FILE PHOTO: Locals walk along a small beach where a Liquefied Natural Gas (LNG) carrier called Kumul is docked at the marine facility of the ExxonMobil PNG Limited operated LNG plant at Caution Bay, located on the outskirts of Port Moresby in Papua New Guinea, November 19, 2018. REUTERS/David Gray/File Photo
July 20, 2021
By Sonali Paul and Nikhil Nainan
MELBOURNE (Reuters) – Oil Search rejected an unsolicited scrip-based takeover proposal from Santos Ltd that valued the Papua New Guinea-focused oil and gas producer at A$8.8 billion ($6.5 billion), the two companies said on Tuesday.
Santos made the approach on June 25, but the proposal was only revealed on Tuesday after Oil Search was asked a day earlier whether it had received any approaches on an investor call following the shock exit of the company’s relatively new chief executive.
Oil Search said the proposal, which was assessed by its advisers, board and senior management, was determined not to be in the best interest of shareholders.
Santos said it proposed to offer 0.589 new Santos shares for each Oil Search share held. Based on Santos’ closing share price on June 24, that was worth A$4.25 per Oil Search share, a 12% premium to Oil Search’s share price at the time.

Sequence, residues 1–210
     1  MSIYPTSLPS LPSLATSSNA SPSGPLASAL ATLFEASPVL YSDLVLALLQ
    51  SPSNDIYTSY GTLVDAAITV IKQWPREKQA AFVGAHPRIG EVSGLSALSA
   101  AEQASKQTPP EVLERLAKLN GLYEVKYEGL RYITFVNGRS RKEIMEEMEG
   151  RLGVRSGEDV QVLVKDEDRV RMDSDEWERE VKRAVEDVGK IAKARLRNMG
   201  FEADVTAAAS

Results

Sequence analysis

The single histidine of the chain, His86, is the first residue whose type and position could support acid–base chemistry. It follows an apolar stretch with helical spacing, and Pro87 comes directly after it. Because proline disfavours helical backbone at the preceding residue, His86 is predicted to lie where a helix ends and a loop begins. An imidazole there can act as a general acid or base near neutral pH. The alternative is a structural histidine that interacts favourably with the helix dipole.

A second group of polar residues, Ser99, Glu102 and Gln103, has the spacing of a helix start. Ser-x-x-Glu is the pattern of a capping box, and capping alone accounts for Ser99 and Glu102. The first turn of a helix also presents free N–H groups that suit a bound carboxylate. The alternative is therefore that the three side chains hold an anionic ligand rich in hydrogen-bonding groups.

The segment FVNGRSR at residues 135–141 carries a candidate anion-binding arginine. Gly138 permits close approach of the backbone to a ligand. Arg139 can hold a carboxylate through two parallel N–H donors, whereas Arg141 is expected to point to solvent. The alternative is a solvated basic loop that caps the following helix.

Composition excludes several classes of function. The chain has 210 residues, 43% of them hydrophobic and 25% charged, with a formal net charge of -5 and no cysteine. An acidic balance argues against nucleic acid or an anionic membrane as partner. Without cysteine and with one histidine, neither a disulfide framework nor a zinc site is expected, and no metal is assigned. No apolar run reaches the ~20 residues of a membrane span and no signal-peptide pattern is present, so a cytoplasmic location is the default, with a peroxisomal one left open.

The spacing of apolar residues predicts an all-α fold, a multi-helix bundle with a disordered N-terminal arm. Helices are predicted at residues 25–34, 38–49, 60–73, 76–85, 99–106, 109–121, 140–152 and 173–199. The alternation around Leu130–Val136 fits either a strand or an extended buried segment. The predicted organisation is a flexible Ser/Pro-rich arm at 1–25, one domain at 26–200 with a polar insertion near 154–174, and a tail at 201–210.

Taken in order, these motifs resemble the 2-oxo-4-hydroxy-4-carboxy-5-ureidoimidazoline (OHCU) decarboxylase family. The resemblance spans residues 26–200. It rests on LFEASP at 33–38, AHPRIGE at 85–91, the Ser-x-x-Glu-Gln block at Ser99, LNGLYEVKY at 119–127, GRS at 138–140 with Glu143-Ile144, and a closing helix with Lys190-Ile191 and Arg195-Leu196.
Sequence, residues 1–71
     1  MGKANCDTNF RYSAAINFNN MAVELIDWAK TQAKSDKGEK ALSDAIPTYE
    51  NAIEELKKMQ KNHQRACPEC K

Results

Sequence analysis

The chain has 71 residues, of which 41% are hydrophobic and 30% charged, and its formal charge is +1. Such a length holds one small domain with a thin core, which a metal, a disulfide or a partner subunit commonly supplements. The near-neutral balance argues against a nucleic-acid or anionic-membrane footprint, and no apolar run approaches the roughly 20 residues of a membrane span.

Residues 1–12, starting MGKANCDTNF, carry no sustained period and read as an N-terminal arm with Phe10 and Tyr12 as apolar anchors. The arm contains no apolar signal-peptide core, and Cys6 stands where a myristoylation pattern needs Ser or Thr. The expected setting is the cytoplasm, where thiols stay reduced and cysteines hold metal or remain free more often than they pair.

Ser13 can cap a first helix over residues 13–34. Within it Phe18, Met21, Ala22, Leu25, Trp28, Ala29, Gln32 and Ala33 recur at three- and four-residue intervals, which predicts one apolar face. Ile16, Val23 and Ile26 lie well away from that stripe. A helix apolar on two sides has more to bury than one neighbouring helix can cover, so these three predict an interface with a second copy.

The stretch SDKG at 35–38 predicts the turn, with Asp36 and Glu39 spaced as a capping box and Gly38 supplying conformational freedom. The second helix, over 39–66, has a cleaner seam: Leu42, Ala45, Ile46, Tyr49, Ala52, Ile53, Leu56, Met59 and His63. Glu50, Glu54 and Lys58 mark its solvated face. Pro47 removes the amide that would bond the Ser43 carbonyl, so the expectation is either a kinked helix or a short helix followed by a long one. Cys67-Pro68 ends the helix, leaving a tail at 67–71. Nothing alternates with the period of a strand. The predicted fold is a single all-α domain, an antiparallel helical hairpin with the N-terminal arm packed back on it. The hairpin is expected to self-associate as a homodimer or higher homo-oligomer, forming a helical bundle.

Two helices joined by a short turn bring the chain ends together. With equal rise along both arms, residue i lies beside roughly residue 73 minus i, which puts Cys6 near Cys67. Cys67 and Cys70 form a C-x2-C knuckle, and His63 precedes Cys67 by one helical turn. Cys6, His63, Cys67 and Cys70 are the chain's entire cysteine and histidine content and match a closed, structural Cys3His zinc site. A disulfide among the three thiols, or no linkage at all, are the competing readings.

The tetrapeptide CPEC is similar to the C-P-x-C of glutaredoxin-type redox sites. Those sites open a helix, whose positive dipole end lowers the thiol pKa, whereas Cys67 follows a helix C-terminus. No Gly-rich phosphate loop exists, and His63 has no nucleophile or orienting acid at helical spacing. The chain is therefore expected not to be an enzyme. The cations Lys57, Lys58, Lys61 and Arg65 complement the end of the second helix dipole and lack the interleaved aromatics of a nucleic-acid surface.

“Santos continues to believe that the merger proposal represents an extremely attractive opportunity to deliver compelling value accretion to both Santos and Oil Search shareholders,” Santos said in a statement to the Australian stock exchange.
A takeover of Oil Search would give Santos a bigger stake in the PNG LNG project in Papua New Guinea, considered one of the world’s lowest cost liquefied natural gas producers, and give it a stake in the Papua LNG project, which is on track to be developed.
It would also become operator of the Pikka oil project in Alaska.
Santos, advised by Citi and JB North & Co, said it has sought to engage the Oil Search board on the rationale for merging. Oil Search is being advised by Goldman Sachs and Macquarie Capital.
The bid comes at a tricky time for Oil Search as it is searching for a new chief executive to replace Keiran Wulff, who quit on Monday following just 17 months in the job due to health issues and a whistleblower complaint.
Oil Search previously rejected https://reut.rs/3rmpASj a takeover from Woodside Petroleum in 2015.
($1 = 1.3622 Australian dollars)
(Reporting by Sonali Paul in Melbourne and Nikhil Kurian Nainan in Bengaluru; Editing by Shounak Dasgupta and Lincoln Feast.)